There is a field behind our house that is used by the local farmer for keeping sheep. During the non summer months the farmer feeds them, driving up in his vehicle parking it by the wall and putting the feed into the feeding troughs. Fairly quickly the sheep get used to the noise of a vehicle, being related to the provision of food and coming running across the field towards the feeding troughs thinking there is food.
Sometimes mistakenly one or more of the sheep mistake our car engine for the farmers, and starts to run towards their feeding troughs. As soon as one starts to run across the field the others follow, even though there is no sign of the farmer. They all stand around waiting for the non existent food. Not that this has anything to do with the book, but is quite amusing to watch.
This book won the Man Booker Prize in 2010 and has 4 sides of quotes about how good it is at the front of the book “Full of wit warmth intelligence ….” So I thought it must be good and enjoyable.
I found reading it like trying to walk through treacle, maybe my mind set is not in tune with the authors, nor all the reviewers quoted but I did not find it funny. In fact I found it boring, as shame really as I was looking forward to reading it.
That was book 29 week 20 (8 on audio) non fiction 1
Peter Robinson's book the Strange Affair is a book that I have had on my shelf for quite some time, as I was not sure if I wanted to read it. It is about the death of DCI Alan Banks brother, and how investigates the murder.
Anyway I did read it and whilst I did not really enjoy the subject matter, it was a good book to read.
The story line was directly related to Alan's investigation, whilst at the same time a parallel and overlapping investigation was going on by DI Annie Cabbot.
Of course eventually the two lines of investigation overlap, moving away from Yorkshire back down to the south and London, but they remain only from the two police officers perspective, highlighting the frustration through lack of knowledge as to what is going on.
The story ends with an horrific truth, which Alan uncovers and realises that this is the real reason why his brother was killed. I can't say that this was an enjoyable book due to the subject matter but it was a good book.
This was book 28 week 19 (8 on audio) non fiction 1
This is the third book in the Richard Hannay series, I had read the other two before I started to record them here. It continues the story of his exploits as a British secret agent during the final years of World War 1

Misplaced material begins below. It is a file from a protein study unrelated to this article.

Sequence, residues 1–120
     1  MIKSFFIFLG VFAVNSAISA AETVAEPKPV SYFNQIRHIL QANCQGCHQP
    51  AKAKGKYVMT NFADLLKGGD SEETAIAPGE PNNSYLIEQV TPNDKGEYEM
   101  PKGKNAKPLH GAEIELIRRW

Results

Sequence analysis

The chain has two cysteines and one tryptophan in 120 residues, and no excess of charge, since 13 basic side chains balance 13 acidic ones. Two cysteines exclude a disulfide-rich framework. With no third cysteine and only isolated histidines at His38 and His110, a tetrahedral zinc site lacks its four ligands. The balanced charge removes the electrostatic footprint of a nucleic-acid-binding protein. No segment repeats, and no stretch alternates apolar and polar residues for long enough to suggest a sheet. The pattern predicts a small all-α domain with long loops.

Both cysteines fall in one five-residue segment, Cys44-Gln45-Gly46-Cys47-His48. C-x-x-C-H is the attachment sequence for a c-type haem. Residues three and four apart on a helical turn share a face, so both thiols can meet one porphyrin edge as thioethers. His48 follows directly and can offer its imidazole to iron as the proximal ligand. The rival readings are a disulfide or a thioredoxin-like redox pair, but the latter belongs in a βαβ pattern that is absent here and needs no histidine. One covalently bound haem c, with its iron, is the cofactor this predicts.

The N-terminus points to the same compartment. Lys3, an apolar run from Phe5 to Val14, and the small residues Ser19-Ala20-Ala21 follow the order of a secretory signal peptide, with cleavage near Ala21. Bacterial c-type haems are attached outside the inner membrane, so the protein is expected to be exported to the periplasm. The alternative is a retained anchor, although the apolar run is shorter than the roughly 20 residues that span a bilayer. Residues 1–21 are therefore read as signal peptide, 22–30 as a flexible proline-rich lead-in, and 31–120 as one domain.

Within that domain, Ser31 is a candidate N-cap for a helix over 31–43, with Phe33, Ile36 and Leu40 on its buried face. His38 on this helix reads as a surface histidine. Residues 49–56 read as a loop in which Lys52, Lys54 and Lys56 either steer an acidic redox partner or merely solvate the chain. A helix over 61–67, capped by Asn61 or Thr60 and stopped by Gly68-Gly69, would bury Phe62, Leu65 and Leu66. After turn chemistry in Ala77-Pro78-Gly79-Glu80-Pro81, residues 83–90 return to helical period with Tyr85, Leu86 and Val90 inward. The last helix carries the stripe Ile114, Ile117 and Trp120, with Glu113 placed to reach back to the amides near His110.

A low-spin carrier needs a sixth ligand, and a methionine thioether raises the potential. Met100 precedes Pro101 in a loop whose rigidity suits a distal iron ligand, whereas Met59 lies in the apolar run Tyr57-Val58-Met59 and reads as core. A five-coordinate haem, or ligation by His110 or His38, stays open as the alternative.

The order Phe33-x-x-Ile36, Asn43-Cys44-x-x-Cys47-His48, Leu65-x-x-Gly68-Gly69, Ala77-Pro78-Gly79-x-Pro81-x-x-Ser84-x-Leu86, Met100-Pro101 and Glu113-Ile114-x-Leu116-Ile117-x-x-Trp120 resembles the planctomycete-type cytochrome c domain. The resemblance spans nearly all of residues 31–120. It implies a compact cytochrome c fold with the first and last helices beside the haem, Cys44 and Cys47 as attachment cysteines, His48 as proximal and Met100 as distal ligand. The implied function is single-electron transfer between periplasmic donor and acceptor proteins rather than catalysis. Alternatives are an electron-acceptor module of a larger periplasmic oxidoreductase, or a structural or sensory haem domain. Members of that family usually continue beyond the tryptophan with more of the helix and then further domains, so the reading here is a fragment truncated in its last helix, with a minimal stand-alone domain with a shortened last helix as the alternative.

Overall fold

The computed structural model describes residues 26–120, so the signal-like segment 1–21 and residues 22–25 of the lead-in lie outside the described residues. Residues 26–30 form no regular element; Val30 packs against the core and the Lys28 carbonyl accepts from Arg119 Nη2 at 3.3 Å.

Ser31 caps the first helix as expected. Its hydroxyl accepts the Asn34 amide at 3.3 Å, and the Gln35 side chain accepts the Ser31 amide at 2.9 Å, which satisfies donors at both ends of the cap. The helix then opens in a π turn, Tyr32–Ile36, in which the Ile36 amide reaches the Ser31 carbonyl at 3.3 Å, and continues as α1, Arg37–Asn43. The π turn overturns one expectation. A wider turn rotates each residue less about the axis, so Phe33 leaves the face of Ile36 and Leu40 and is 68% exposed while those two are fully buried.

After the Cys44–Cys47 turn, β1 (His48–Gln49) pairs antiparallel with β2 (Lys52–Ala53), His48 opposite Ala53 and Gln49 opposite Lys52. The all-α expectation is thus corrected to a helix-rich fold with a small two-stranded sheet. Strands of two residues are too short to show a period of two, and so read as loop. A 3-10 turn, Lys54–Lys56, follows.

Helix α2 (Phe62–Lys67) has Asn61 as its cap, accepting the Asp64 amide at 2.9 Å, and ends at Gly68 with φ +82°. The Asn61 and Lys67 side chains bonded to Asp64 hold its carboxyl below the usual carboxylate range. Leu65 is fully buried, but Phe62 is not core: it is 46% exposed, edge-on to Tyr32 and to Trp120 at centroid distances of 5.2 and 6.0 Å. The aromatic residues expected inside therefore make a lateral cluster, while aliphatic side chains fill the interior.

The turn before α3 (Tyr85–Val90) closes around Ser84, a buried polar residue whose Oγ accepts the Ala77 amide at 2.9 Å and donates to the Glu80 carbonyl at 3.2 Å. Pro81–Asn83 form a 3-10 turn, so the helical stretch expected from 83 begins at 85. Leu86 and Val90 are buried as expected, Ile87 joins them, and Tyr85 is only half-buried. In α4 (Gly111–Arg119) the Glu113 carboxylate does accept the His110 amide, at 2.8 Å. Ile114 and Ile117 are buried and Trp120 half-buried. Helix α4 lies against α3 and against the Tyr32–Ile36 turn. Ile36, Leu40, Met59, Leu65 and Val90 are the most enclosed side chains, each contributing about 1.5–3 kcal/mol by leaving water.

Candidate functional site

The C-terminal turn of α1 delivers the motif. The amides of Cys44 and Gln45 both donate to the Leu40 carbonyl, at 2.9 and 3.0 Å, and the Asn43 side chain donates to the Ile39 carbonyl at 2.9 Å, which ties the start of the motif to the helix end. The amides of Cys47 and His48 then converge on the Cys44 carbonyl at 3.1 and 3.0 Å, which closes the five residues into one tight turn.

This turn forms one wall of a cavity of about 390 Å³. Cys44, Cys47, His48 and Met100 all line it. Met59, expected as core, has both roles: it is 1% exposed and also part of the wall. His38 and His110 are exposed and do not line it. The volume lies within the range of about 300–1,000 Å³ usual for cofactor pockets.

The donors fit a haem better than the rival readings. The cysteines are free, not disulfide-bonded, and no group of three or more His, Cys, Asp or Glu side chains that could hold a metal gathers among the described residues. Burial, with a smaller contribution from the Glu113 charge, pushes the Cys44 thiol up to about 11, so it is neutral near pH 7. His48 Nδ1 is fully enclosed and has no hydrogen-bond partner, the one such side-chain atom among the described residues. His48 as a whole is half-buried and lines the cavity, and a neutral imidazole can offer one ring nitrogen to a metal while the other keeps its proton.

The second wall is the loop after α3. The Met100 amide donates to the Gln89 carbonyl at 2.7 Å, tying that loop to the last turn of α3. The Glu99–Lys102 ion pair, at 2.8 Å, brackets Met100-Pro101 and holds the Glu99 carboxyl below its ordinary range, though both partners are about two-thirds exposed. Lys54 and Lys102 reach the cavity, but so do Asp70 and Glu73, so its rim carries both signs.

John Buchan's plots seem to enjoy a sense of travel and this book is no exception. Our hero finds himself travelling, firstly to Glasgow, and then on north up to the Isle of Skye, and then back to London being pursued by the police. His trip evolves a wide variety of transport, including hitching a ride on a plane.
The plot then moves to France, Italy and Switzerland and he helps save the British forces from defeat during this time in the war, by stopping the arch enemy spy, and exposing the underground railway.
The story also has love and sadness. Richard finds his true love, but his great friend is killed in an aircraft battle. An enjoyable book and I now want to read the next part of the saga – The Three Hostages.
This was book 27 week 18 fiction 26 (8 on audio) non fiction 1
Claire paints a picture of Britain, specifically the Somerset levels in 1946, that is so far from life today that it could be in another country. The book is all about the tensions between the Polish soldiers from the second Polish Corps who are refusing to go back to Poland as it is now occupied, and the returning British soldiers.
Add in shortages, lack of housing, lack of work, difficulties in language, romance, and one of the coldest winters on record and it all makes an explosive mix.
The main characters are Wladyslaw Malinowski who is taken on by Billy Greer to help with the Withy harvest on his uncles farm in the heart of the Somerset levels. Then there is Lyndon Hanley the so called hero of the Burma Campaign, though his current behaviour is far from heroic. Finally there is Stella a local school teacher who has to choose between Lyndon and Wladyslaw..
The book has humour, and sadness and the death of one of the key characters triggers a series of events that bring the story to a tragic ending.
It is a very atmospheric, dramatic story and certainly an eye opener if life was really like that in 1946.